That "church thing" would prove to be Charles' emancipation from the early dual influences of Nat "King" Cole and Charles Brown. All the church music he had heard in the Deep South plus the influence of gospel artists he had heard on the road were being incorporated into a new, energetic, spirit-filled music that spread like wildfire.
In 1954, Charles had his first big hit, exactly nine years after his mother's death. According to Marc Silver, this was the time when Charles "gave his earthy voice its freedom, hammered some gospel chords on the piano, and invented soul music." That hit, "I've Got a Woman," was quickly followed by many more, all reflecting the same sure-fire formula that thrilled his fans and infuriated church folk. In his autobiography Charles described it as "my first real smash. ... This spiritual-and-blues combination of mine was starting to hit."
Charles responded to the black church that criticized his blues/gospel songs as blasphemy. He said in Nowhere to Run, "I got a lot of criticism from the churches, and from musicians, too. They said I must be crazy ... and then ... everybody started doing it ... it worked, so I was a genius." He was not a gospel singer who defected to the pop music scene. Since spirituals were not copyrighted, he never stole that music, as claimed by critics. Charles, to his credit, steadfastly refused to perform religious and popular music at the same venue. In his autobiography he defended his stance: "I was raised to believe that you can't serve two gods."
Charles became successful now for other reasons as well. He put together a background group that became the archetype for "doo-wop girls." The Raeletts came into existence in 1957 for a recording date and then as a permanent fixture for concerts. Charles had long admired such female gospel soloists as Albertina Walker and gospel groups, in particular the Davis Sisters of Philadelphia. He stated in his autobiography, "I wanted the flavor of ... my voice set against women ... that was what I was searching for." After molding the group totally to his satisfaction, he changed its original name "Cookies" to the Raeletts and always sought to get the effect he wanted, as further stated: "I liked that male/female friction and once I had it, I never let it go." The Raelett sound helped define the major hits, most notably "Hit the Road, Jack," "What'd I Say," "Tell the Truth," and "The Night Time is the Right Time."
Charles was always determined not to be pigeonholed in any one musical category and after moving to ABC Records, he branched out and recorded in any musical genre he chose. According to Piazza in The New York Times, "He turned out to be not merely a good interpreter of popular standard material but a great one. A series of albums in the 1960s ... earned him a wider, whiter popular market than that of any soul singer of the time, with the possible exception of Sam Cooke."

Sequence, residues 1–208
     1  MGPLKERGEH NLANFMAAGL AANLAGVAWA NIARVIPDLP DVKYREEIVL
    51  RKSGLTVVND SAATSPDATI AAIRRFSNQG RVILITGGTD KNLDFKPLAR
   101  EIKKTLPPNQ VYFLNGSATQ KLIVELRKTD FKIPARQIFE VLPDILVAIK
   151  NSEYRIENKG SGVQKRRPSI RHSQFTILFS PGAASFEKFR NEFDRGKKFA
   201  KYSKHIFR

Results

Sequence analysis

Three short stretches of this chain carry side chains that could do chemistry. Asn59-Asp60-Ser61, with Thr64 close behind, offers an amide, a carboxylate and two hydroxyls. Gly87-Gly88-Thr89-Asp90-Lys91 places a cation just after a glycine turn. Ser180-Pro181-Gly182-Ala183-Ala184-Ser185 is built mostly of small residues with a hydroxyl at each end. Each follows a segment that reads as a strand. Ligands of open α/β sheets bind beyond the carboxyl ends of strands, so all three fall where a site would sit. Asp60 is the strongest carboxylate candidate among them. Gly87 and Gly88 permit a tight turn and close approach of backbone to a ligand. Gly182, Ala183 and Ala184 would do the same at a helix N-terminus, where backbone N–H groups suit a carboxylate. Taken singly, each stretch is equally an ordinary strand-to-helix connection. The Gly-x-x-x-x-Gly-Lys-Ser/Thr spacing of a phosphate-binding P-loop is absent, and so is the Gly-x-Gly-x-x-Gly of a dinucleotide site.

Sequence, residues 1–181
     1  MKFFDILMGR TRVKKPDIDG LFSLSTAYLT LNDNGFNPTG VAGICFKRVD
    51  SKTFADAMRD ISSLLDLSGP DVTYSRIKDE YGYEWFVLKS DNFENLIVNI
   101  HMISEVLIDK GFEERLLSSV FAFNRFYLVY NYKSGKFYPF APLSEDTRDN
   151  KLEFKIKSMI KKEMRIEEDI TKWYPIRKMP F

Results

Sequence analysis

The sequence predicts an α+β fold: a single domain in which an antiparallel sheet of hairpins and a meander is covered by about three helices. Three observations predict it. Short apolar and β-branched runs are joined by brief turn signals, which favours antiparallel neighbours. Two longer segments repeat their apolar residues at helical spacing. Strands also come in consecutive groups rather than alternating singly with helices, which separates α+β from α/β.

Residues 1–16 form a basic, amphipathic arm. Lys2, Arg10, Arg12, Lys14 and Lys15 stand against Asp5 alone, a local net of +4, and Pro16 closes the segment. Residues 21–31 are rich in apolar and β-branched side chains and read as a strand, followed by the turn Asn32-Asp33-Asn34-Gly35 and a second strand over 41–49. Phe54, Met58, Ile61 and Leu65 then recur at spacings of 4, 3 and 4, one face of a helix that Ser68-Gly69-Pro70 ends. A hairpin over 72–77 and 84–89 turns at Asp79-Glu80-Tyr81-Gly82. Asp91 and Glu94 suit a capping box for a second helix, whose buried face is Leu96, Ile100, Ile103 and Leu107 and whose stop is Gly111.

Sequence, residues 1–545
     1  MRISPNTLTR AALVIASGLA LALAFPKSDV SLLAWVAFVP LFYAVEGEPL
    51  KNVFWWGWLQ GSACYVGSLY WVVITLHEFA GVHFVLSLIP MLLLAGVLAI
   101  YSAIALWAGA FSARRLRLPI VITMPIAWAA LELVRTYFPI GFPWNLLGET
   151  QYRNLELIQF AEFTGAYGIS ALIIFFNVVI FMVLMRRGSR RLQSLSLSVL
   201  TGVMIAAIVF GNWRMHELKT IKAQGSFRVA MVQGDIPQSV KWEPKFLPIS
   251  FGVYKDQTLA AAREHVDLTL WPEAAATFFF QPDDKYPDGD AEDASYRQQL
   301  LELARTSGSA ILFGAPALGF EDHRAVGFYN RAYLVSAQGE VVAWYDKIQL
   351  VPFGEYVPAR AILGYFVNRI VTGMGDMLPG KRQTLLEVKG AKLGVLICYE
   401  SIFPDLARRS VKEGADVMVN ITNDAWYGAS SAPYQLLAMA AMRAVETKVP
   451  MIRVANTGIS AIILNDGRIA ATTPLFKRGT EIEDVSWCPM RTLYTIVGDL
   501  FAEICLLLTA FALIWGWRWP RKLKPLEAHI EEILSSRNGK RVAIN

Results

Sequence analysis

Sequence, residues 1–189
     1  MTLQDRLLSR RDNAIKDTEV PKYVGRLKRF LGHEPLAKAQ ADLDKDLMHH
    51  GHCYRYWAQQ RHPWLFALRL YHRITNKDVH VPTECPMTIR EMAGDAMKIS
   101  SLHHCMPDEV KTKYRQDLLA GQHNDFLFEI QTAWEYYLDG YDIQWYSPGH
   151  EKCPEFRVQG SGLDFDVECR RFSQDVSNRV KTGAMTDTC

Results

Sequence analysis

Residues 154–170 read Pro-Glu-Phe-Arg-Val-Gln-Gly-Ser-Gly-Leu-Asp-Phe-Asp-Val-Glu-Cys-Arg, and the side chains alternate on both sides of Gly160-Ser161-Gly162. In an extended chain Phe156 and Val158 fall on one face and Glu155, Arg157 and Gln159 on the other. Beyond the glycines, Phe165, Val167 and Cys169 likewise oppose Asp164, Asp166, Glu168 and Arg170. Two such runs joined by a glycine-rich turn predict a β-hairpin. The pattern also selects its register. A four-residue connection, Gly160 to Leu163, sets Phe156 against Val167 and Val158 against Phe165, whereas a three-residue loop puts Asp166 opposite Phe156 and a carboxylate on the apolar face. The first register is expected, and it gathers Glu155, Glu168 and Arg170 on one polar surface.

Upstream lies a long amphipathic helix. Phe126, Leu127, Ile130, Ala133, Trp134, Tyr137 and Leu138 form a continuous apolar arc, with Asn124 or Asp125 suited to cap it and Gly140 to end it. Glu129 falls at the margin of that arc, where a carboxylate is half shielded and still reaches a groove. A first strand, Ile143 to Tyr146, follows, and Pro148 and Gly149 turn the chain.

This was the era when the term "cross-over" gained a new meaning as Charles, a black soul singer, conquered and redefined the idiosyncrasies of country-and-western (C&W) music, described by Piazza as "Southern white soul music." The best examples of Charles' country songs are his 1959 version of Hank Snow's "I'm Movin' On" and the 1962 remake of Don Gibson's "I Can't Stop Loving You," the latter selling 2.5 million copies and topped the R&B, pop, and C&W charts for 14 weeks.
From 1961 to 1965, Charles was named the top male American vocalist by Downbeat magazine. Although he spent the mid-1960s touring abroad, Charles also began to exert his independence from record companies and management agencies. In 1963, he established RPM International to oversee his own recording, publishing, and management concerns and, in 1965, he began producing his own records. The control of his professional life sharply contrasted with his own personal life and the debilitating effects of his longtime drug habit. Having started with marijuana as a teenager in Seattle, he soon moved on to heroin despite the efforts of older musicians to dissuade him. Charles never blamed anyone or any circumstance for his decision to use drugs. In a Blues Revue article, he said: "Every experience I've had good and bad has taught me something. I was born a poor boy in the South. I once fooled with drugs, but all of it was like going to school and I tried to be a good student. I don't regret a damn thing."